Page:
As people of faith, we are called not to look around for someone else to deal with the brokenness and hurt that fills our world but Rather as co-partners in working to bring about God’s beloved community here on Earth. We are that someone.
September 3, 2023
“Sacred Earth, Sacred Worth”
Part 4: Sacred Creative Vocation
Isaiah 6: 1-8
Rev. Dr. Heather W. McColl
Isaiah 6: 1-8
In the year of King Uzziah’s death, I saw the Lord sitting on a high and exalted throne, the edges of his robe filling the temple. Winged creatures were stationed around him. Each had six wings: with two they veiled their faces, with two their feet, and with two they flew about. They shouted to each other, saying: “Holy, holy, holy is the Lord of heavenly forces! All the earth is filled with God’s glory!”
The doorframe shook at the sound of their shouting, and the house was filled with smoke. I said, “Mourn for me; I’m ruined! I’m a man with unclean lips, and I live among a people with unclean lips. Yet I’ve seen the king, the Lord of heavenly forces!” Then one of the winged creatures flew to me, holding a glowing coal that he had taken from the altar with tongs. He touched my mouth and said, “See, this has touched your lips. Your guilt has departed, and your sin is removed.” Then I heard the Lord’s voice saying, “Whom should I send, and who will go for us?”
Sacred Creative Vocation Isaiah 6: 1-8
I do not miss the irony that we as a community of faith are talking about our sacred creative vocation on the weekend when we as a society in the United States celebrate Labor Day, a holiday which honors the social and economic achievements of American workers. Although I would argue that our capitalistic society and our faith tradition have two very different understandings of that word, “vocation”.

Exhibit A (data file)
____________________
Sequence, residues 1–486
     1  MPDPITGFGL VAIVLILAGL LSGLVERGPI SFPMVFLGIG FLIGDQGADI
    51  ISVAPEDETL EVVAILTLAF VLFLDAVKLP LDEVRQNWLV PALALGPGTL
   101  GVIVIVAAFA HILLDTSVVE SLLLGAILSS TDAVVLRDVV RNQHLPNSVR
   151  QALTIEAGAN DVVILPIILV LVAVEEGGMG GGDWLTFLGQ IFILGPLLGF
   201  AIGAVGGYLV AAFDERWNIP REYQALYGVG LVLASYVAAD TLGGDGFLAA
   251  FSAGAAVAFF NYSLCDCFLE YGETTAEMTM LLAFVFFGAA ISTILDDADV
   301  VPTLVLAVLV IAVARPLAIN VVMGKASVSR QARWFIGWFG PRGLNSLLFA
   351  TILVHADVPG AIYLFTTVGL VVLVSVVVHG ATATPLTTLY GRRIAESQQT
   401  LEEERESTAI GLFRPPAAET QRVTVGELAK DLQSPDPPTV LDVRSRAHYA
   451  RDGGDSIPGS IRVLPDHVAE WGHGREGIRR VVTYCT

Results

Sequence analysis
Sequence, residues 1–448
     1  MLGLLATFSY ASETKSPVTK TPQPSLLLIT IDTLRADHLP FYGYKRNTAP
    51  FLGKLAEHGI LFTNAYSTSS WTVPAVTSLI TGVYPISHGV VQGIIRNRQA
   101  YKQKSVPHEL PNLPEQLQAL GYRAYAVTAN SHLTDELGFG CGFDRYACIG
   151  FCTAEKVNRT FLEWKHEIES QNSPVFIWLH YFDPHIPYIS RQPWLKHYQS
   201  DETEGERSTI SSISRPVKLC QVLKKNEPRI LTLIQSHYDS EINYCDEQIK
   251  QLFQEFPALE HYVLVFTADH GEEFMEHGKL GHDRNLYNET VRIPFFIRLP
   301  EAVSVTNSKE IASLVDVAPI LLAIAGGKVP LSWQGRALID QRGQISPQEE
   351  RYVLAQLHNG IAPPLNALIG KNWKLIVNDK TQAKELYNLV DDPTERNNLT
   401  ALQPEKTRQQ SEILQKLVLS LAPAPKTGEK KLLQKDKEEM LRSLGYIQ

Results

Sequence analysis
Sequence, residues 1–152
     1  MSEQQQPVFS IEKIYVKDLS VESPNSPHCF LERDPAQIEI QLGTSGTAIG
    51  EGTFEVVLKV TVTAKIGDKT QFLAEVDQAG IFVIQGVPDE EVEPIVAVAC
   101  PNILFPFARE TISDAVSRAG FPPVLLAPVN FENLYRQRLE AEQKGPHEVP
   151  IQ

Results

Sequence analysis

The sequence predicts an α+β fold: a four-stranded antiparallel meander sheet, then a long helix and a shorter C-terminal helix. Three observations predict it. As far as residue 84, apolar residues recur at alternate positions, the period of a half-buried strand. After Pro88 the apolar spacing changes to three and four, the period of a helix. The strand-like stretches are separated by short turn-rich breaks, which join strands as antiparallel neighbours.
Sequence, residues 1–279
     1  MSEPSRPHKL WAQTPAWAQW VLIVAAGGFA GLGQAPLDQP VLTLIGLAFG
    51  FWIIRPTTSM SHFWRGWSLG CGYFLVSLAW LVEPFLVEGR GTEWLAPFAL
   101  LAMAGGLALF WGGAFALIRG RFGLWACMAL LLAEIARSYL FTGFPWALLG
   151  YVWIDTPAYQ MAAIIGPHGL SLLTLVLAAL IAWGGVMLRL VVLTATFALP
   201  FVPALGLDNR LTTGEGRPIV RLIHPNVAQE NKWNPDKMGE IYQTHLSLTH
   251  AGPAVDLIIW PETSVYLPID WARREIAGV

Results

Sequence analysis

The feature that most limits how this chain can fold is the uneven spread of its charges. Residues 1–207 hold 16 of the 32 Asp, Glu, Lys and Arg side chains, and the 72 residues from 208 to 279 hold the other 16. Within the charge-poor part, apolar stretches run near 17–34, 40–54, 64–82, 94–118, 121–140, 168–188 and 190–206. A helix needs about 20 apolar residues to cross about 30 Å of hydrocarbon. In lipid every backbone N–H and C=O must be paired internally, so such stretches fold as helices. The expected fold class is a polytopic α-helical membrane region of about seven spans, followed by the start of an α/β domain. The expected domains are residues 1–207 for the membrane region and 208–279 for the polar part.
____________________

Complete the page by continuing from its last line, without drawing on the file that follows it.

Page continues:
What I mean by this is in our culture, in our society, our identity is tied to our professions. Usually when we meet someone new, we ask one question first, that question being… “What do you do?” Then once the person responds, maybe with “I’m a lawyer” “I’m a doctor” “I’m an auto mechanic” “I work at a grocery” or “I’m a full time student” or “I work part time”, based on their answers, whether we are aware of it or not, our preconceived notions kick in and we begin to assume things based on just that person’s profession. That’s the way our culture and our society works. It is built upon this narrative that the most important thing about ourselves is how we contribute financially to the whole and for us to do that, we must work hard, do our best, be better than the others because there is not rest for the weary.
However, our faith tradition teaches us a very different definition and understanding of our vocation. At our core, our identity is tied to who we are and whose we are…we are Beloved Children of God, created in the image of our God who loves us more than we will ever know. This is the narrative which shapes how we view and interact with the world. We understand our vocation in the sense of a calling, a sacred proclamation, or for lack of a better term, a great commission. Our vocation is grounded in the understanding that because we are all “made in the image of our Creator, every one of us carries within us the capacity to be a mystic, to be creative, to be visionary, and to be an agent for positive change. It is our responsibility to say “here I am, send me” and to cultivate our capacity to benefit earth and all it’s creatures.” In other words, our vocation as people of faith is a sending out into the world to be God’s prophet as we proclaim God’s healing and wholeness for all of God’s people.